I have bought over 500 items on eBay (mostly coins) and many others have bought much more. To my recollection, two items were fakes as they came back with "questionable authenticity" from NGC. There was nothing from the image in my opinion to indicate that they were counterfeit. So though i obviously did not like it, I did not consider it eBay's fault. (Neither were from South Africa. One was a 1736 pillar 4R and the other was an 1862 4R from Ecuador.)

 

In the example Geejay provides, sure he should have reported it if he wanted to do so. But in my opinion, anyone who buys a coin like this ungraded from that kind of source is a fool. Any coin like that which sells for much less than its actual value is subject to the caveat "If something seems too good to be true, then it probably is" and if they pay the actual value, they might as well buy it from a known source. Most coins will eventually come up for sale later anyway because few are actually that "rare" except in a narrow, arbitrary and even artificial sense.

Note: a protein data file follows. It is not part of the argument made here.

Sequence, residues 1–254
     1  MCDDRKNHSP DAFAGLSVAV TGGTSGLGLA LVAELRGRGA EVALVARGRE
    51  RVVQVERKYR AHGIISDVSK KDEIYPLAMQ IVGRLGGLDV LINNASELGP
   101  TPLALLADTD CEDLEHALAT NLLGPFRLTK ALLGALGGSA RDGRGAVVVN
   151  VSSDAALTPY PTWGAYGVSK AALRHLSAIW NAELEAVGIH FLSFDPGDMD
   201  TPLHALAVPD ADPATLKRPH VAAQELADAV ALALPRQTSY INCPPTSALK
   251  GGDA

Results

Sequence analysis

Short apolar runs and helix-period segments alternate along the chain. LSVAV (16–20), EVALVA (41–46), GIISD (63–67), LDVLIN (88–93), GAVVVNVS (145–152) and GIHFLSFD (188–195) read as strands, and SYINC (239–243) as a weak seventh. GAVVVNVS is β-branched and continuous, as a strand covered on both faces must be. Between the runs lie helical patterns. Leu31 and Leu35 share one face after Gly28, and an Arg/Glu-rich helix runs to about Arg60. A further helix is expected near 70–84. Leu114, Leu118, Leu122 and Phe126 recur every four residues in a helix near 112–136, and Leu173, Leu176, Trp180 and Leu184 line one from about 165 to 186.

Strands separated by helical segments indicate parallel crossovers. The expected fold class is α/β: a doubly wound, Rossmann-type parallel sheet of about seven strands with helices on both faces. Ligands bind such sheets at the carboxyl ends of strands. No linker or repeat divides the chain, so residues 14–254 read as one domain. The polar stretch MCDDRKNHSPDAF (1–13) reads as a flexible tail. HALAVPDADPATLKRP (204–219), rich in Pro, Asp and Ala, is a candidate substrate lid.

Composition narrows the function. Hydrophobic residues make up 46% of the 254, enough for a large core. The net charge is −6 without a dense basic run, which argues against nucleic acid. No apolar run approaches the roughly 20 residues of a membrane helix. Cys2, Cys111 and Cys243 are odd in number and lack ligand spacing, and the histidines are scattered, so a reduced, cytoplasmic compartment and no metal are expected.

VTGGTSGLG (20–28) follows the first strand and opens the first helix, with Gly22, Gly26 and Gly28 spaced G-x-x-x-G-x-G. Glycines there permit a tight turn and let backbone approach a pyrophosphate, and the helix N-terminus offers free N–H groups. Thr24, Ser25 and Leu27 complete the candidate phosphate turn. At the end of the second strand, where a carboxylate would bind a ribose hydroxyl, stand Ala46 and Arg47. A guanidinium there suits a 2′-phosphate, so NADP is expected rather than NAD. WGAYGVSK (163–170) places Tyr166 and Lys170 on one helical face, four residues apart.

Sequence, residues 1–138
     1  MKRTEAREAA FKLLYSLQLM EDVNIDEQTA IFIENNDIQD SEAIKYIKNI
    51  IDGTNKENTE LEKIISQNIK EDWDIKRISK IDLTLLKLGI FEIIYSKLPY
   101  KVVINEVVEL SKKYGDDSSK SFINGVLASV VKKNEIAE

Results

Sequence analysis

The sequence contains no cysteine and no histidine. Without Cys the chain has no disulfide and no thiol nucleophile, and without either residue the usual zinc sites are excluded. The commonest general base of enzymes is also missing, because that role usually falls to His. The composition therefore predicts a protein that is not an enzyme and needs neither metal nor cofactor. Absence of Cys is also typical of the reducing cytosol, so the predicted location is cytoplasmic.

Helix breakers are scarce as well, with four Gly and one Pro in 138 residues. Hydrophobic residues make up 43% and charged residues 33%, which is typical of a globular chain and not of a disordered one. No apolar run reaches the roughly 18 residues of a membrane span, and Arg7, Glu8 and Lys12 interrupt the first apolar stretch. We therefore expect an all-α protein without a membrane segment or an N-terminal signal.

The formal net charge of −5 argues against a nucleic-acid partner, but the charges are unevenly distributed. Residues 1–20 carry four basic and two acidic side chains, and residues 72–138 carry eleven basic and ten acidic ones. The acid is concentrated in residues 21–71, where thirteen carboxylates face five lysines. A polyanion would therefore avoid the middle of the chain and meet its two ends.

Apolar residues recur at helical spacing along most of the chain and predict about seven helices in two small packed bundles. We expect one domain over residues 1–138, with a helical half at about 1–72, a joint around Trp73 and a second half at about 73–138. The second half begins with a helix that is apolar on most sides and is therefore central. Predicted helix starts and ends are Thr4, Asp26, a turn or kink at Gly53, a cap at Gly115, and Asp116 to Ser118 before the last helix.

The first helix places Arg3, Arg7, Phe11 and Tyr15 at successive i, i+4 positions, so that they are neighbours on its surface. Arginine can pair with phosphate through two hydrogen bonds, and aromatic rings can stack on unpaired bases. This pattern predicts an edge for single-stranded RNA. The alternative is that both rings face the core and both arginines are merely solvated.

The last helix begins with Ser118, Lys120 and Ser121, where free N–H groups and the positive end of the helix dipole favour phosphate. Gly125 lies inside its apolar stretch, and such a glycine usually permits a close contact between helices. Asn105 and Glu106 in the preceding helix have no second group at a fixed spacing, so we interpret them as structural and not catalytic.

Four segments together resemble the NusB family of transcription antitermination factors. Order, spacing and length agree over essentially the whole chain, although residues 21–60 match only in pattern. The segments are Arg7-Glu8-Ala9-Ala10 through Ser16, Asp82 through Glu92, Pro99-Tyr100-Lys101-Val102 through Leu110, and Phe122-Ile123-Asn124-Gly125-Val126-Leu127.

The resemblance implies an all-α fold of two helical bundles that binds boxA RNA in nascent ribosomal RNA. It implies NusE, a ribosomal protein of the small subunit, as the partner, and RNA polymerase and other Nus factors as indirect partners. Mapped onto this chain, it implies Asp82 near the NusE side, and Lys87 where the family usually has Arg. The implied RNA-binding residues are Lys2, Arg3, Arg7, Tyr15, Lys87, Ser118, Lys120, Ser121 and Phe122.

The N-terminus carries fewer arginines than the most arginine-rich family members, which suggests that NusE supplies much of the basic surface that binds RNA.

This is the way I handle this risk. I do not buy expensive coins from questionable sources and for the most part, I would consider a seller from China to be one unless I had a reason to believe or know otherwise. There are two Chinese dealers from whom I have bought several SA coins in the past without having a problem. They sell both graded and raw coins. Some or many of you may know them also but I consider them an exception.

 

The primary complaints I have seen on the NGC Message Boards about eBay are about their listing practices, but not specifically on counterfeits. For example, schill bidding or where a seller intentionally inflates the price by bidding on their own items or having someone else do it. I'm not sure it is illegal but I consider it unethical.

Edited by jwither

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Pierre_Henri

Well spotted Georg and thank you.

 

It is interesting to note that when Elias Levine's "The Coinage and Counterfeits of the ZAR" was published in 1974, almost 40 years ago, he states "... there are no forgeries of the silver series that the writer knows of ..." (see page 85 of his book).